When Phangkhar gewog officials in Zhemgang put an agenda to the dzongkhag tshogdu (DT) session about Sangseri land issue last summer, they had expected the members to resolve the problem.

Instead, the DT members resolved to follow the law and implement it, resulting in the officials cutting off electricity for the residents for a night. The officials also warned the residents of about 12 households that they would dismantle the house if they don’t comply with the rule.

The residents had constructed their houses on a wetland.

The worried residents then pleaded the officials and the gewog officials requested the drungkhag and dzongkhag administrations to intervene while they find a solution to the problem.

The gewog officials appealed to the then agriculture minister to look into the problem, reasoning the wetland was never cultivated because there are too many gravels and lack of irrigation water.

Phangkhar gup Tashi explained Sangseri is a dry land belonging to five households in the gewog and late Dasho Nishoka, popularly known as Japan Sahib, converted into wetlands for 20 households.

He said the national cadastral survey was also done in 2012, dividing the land into 20 families as an inheritance.

People prefer to stay in Sangseri since it is near the Gomphu-Panbang highway and also because the school, basic health unit and other amenities are nearby.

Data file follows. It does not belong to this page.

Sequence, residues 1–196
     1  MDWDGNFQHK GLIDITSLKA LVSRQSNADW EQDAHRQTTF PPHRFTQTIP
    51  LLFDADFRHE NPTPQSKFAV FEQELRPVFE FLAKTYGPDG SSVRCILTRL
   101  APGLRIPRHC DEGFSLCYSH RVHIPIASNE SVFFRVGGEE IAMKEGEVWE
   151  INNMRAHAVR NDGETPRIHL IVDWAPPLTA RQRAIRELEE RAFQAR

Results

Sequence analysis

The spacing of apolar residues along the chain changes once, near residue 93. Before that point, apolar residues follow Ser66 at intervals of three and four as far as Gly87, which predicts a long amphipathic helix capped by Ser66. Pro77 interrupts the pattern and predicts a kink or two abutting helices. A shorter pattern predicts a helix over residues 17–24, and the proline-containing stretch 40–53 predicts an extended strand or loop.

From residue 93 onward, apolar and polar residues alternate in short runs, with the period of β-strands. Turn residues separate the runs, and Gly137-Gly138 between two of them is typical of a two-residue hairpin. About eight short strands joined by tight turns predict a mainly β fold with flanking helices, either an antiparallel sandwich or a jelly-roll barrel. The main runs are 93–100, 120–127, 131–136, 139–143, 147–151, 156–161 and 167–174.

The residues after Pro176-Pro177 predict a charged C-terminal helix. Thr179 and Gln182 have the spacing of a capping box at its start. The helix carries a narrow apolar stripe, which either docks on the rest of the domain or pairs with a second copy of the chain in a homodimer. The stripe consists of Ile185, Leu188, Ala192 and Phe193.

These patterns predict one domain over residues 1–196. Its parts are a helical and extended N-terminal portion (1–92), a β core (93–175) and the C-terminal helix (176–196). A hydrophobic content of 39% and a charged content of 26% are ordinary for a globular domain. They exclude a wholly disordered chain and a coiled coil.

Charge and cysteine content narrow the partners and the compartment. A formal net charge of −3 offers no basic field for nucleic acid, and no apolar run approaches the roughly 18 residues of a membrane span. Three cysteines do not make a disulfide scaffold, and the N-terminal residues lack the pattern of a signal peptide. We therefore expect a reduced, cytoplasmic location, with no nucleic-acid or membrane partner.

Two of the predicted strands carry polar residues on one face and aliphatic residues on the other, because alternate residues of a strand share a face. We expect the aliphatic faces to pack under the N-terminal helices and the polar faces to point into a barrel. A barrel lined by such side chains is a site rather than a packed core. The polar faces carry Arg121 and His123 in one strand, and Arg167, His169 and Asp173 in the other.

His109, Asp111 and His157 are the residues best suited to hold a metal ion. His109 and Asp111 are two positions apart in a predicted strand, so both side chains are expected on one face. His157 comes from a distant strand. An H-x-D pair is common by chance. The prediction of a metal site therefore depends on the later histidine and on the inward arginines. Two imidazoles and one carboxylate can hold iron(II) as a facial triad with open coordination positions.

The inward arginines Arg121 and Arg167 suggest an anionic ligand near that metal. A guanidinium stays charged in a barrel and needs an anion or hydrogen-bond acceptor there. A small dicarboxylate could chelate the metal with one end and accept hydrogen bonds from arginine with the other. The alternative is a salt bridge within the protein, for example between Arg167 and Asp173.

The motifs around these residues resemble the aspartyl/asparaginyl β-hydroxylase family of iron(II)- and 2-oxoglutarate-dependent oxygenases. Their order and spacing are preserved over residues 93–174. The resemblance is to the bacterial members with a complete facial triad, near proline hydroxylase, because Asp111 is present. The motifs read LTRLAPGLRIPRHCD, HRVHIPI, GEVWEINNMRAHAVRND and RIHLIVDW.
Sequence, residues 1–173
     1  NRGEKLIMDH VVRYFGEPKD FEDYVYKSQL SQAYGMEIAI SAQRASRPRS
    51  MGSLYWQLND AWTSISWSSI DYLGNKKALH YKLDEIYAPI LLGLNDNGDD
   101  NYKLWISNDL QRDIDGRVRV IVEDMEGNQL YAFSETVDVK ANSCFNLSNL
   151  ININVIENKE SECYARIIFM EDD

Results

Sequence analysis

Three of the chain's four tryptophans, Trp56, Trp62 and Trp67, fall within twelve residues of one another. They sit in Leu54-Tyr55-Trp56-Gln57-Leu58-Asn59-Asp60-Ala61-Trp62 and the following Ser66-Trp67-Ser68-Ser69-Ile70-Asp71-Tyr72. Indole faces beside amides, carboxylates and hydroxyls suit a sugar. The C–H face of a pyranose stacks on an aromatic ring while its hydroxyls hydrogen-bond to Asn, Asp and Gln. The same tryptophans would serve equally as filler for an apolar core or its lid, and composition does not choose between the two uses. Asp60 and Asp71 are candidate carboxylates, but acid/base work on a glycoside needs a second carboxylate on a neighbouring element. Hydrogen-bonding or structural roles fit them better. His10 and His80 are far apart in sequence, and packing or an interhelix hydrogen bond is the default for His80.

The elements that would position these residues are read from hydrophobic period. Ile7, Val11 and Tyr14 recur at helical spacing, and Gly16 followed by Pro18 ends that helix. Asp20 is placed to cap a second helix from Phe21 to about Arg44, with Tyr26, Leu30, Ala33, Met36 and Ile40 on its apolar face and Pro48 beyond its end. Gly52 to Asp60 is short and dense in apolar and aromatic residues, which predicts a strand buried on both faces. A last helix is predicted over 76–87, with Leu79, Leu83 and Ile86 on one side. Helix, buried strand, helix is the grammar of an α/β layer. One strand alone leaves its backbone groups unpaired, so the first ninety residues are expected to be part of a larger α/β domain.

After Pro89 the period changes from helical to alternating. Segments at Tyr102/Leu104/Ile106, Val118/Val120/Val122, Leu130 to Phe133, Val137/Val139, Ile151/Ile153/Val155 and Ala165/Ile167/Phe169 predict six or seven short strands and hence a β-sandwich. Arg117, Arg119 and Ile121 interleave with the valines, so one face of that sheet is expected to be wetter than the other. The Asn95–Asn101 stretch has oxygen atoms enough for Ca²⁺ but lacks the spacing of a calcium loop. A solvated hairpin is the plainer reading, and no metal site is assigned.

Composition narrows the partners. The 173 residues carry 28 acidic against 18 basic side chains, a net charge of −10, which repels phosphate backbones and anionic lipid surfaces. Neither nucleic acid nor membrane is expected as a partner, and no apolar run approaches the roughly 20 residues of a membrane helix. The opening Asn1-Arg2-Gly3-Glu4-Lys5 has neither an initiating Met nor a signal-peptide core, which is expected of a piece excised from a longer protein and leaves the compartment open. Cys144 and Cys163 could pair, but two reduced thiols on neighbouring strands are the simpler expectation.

The gup said 12 families constructed houses, four concrete buildings and other semi-permanent houses. “But the issue came up since it is registered as a wetland.”

He said agriculture ministry officials visited the site, compiled a report and said they would get back in two to three months. “We hope they would facilitate the conversion to dry land.”

Meanwhile, a Sangseri resident, Kesang, 46, said she constructed her one-storied semi-permanent house when she had two children.

She now has seven children and said her children are studying. “I don’t have any dryland nearby to construct a house.”

Another resident, Pema Choki, 43, said she doesn’t have anywhere to go if the government asks her to vacate her place.

The single mother said no one made any issue when they constructed the house and now that they are settled, it would be too expensive for them to dismantle the house. “I hope the government officials look into all these.”

Tashi Dema  | Zhemgang